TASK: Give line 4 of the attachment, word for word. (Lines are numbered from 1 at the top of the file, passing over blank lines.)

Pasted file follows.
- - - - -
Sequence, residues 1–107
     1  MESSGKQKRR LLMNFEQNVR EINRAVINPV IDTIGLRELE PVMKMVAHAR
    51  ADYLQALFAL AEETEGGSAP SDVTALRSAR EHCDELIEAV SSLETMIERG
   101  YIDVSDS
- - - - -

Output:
   101  YIDVSDS